Actually, what’s absolutely disgusting is this comment. You should be able to sleep at night knowing that the editorial board helped trace and expose violence that happened in the past at Swarthmore, happens currently at Swarthmore, and will happen in the future at Swarthmore as long as we have people like you who don’t understand what being part of a community actually means. The editorial board did nothing to these fraternities. The fraternities created this violence, the editorial board simply made it known to the rest of campus. The truth came out (even though it has before) and thank god for that. Hey, now I can sleep better at night. I’m sure the editorial board does not need and does not want support from alumni who applaud an institution that passes down violence year after year as if it is a right of passage. It is you who should be ashamed as your comment explicitly demonstrates your lack of wanting to understand the abuse of power and privilege that Swarthmore fraternities allowed—fraternities create pathways for violence, and whether members walk down and help create those pathways or not, the pathways are there nonetheless. Also, you should do some research on the difference between demonization and accountability.

      1. 22
        A survivor says:

        The bullying and harassment of peers and others of difference is disgusting and so hypocritical of the movement against the frats. Not only that the movement is excluding a community of survivors that do not agree with O4S, and I guess (according them and their message and social media posts) that makes us accomplices to the people who supposedly the sources of harassment on campus. There’s a meaning behind the name “organizing for survivors”. Please actually do something for survivors other then “fight” for us. Help us. Support us. Educate others. Do something meaningful. If this is too much honesty for this editorial, to not to post. (I’ve tried posting three comments.) then you need to re-evaluate this organizations commitment to helping connect all the sides. Because right now, Swarthmore Phoenix’s goal is to create polarization and dismissal of discussion on both sides. Clearly “good journalism”. And please believe this survivor.

  3. 88
    DU '13 says:

    This is such a non-article. The sensational sounding quotes you are irresponsibly using are literally from a regional training conference where they show us a bunch of examples of what is NOT appropriate to use. It would be like going to a fire safety class where they say “do not leave cigarettes unattended” and you reporting it as “examples of recommended behaviors: ‘leave cigarettes unattended.” Irresponsible, harmful, garbage journalism.

    1. 4
      THE 1ST AMENDMENT says:

      Where’s my mans the Nobel winners quote. As a cis SURVIVOR DATING A FRAT MEMBER I WANT HIS. AND MY VOICE HEARD.

  4. 83
    Swat Alum says:

    The Phi Psi minutes were gross. This, on the other hand, is just quoting a “what not to do” presentation and implying that the DU brothers were somehow implicit. I’ve read the minutes and the article, and I seriously can’t find anything that would give a neutral observer a negative feeling about this fraternity. Why is this being treated like a big scoop? I feel misled.

  5. 27
    Brian's Daddy says:

    “Tom” – I think I know who you are and I just wanted to say that I’m sorry we made you feel that way. I think I realized late into my time at Swat that you were more adverse to insensitive jokes, and in retrospect I wish that I realized that sooner and stopped myself and others from using them. Because I really did think you were a good guy, and between you leaving DU and the baseball team, we grew a part really fast, and things like that tend to bother me. Because now we don’t stay in touch anymore really at all. I don’t agree with everything you say above; I’m not sure what you’re suggesting with your “boys’ club” comment. I also had no problem keeping DU and baseball separate, and would go as far as to say I was more inclined to leave that baseball circle when I was in the house since I spent so much time with the baseball guys outside of the house. But overall, I appreciate the time I spent with you and wish there was a big more of that. Congrats on your big news from a few months ago, very happy for you from afar. (Geez I hope I’m right about who you are haha…)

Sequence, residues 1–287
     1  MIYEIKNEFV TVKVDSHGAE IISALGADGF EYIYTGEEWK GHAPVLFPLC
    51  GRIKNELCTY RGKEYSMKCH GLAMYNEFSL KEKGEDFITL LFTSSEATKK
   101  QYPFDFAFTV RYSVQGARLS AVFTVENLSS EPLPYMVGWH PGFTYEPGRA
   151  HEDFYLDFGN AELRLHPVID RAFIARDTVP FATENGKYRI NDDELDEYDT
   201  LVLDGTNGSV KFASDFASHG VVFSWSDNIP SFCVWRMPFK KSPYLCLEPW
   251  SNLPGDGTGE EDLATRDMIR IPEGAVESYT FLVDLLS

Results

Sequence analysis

“Brian” – I know exactly who you are. I have little to no respect for your morals to be honest. I can’t recall a single time that you did something for someone other than yourself, which is something that happens a lot in a fraternity. I suspect that you have your own interests in mind with your recent change of heart, maybe you think that if this movement takes off you can take credit for it and try to advance your career somehow, I’m not sure, since you haven’t been nearly as anonymous throughout this process as you are in this particular article. I’ve never seen you show remorse for anything, so I am skeptical that you truly have any now (enter SJWs to tell me I’m perpetuating frat culture, silencing “Brian”, etc.) You just never really felt like a brother to me (not sure I’d say that about any other brother) because you were such a condescending guy, such a burden to be around, and you made no effort to make lasting connections, which brings us here. Sorry if you thought you were getting the Tom treatment, but Tom is a solid guy, you simply are not. I wish Tom hung around so we could have become better friends, I wish you had chosen a school other than Swarthmore. I think you may be still trying to figure out if you’re the conservative that showed up to campus in 2009, or the SJW you present yourself as now. I hope you’re doing better as a working adult than you were as a brother, because you were a terrible brother. Through the grape vine I’ve heard that this may not be the case, as you managed to land top-tier internships in grad school but couldn’t find anyone in those firms to support your full time employment (despite your intelligence) once they got to know you. I’m sure you still out-earn me, so you can come back with that insult if you’d like (I know you use that one a lot, very Swarthmore of you btw). But I have a number of best friends I can rely for anything, from DU and otherwise, something you don’t have and something that cannot be quantified. I apologize for ripping you publicly, but it’s one of your favorite hobbies. Some would call it karma. And I also feel I’ve done a nice job to keep my comments anonymous. You are my son, and you bring great shame to me, “Brian”. I am disowning you, you are not my son!

    -Brian’s Daddy

  6. 3
    Anders Behring says:

    Judge Lawless was right; ‘self-righteous, sanctimonious madmen.’

    There is a wide world outside your bubble. Eagerly awaiting your impending analysis of the unlawful arrest / kidnapping of Julian Assange, who, you know, was an actual journalist.

  7. 0
    DC '22 says:

    Way to go, Brian and Tom! You guys were the essential final piece to our master plan, and you have provided sufficiently! Very brave of you to go against your former brothers on our behalf. We needed someone on the inside and your willingness to contribute to our narrative has had an impact too big for words. This massive win for us will directly benefit me and many others for the next 3+ years! 🙂